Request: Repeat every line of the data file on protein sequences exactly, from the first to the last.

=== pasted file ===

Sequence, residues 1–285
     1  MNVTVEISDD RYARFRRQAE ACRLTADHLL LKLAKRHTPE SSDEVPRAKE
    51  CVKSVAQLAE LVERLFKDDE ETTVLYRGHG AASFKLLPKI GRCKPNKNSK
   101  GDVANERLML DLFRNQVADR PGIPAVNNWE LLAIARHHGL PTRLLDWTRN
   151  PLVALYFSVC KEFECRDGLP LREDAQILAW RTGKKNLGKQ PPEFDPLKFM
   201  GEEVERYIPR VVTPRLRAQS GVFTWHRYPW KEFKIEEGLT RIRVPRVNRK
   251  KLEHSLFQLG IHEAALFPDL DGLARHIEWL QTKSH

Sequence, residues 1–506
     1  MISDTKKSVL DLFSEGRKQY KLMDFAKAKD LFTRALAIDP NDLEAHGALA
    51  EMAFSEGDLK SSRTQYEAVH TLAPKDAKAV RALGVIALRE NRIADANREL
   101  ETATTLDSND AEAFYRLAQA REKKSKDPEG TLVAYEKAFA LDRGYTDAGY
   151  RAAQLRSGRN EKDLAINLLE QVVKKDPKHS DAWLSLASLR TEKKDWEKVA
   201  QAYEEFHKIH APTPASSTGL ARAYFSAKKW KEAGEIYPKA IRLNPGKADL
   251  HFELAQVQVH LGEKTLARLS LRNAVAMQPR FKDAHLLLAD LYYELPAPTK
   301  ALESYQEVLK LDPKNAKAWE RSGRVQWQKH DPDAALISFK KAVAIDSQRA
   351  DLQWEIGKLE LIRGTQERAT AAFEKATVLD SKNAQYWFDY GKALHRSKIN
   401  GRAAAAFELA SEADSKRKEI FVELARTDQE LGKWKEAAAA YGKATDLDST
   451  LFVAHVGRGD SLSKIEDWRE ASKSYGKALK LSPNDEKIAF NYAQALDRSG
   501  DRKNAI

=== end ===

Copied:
Sequence, residues 1–285
     1  MNVTVEISDD RYARFRRQAE ACRLTADHLL LKLAKRHTPE SSDEVPRAKE
    51  CVKSVAQLAE LVERLFKDDE ETTVLYRGHG AASFKLLPKI GRCKPNKNSK
   101  GDVANERLML DLFRNQVADR PGIPAVNNWE LLAIARHHGL PTRLLDWTRN
   151  PLVALYFSVC KEFECRDGLP LREDAQILAW RTGKKNLGKQ PPEFDPLKFM
   201  GEEVERYIPR VVTPRLRAQS GVFTWHRYPW KEFKIEEGLT RIRVPRVNRK
   251  KLEHSLFQLG IHEAALFPDL DGLARHIEWL QTKSH

Sequence, residues 1–506
     1  MISDTKKSVL DLFSEGRKQY KLMDFAKAKD LFTRALAIDP NDLEAHGALA
    51  EMAFSEGDLK SSRTQYEAVH TLAPKDAKAV RALGVIALRE NRIADANREL
   101  ETATTLDSND AEAFYRLAQA REKKSKDPEG TLVAYEKAFA LDRGYTDAGY
   151  RAAQLRSGRN EKDLAINLLE QVVKKDPKHS DAWLSLASLR TEKKDWEKVA
   201  QAYEEFHKIH APTPASSTGL ARAYFSAKKW KEAGEIYPKA IRLNPGKADL
   251  HFELAQVQVH LGEKTLARLS LRNAVAMQPR FKDAHLLLAD LYYELPAPTK
   301  ALESYQEVLK LDPKNAKAWE RSGRVQWQKH DPDAALISFK KAVAIDSQRA
   351  DLQWEIGKLE LIRGTQERAT AAFEKATVLD SKNAQYWFDY GKALHRSKIN
   401  GRAAAAFELA SEADSKRKEI FVELARTDQE LGKWKEAAAA YGKATDLDST
   451  LFVAHVGRGD SLSKIEDWRE ASKSYGKALK LSPNDEKIAF NYAQALDRSG
   501  DRKNAI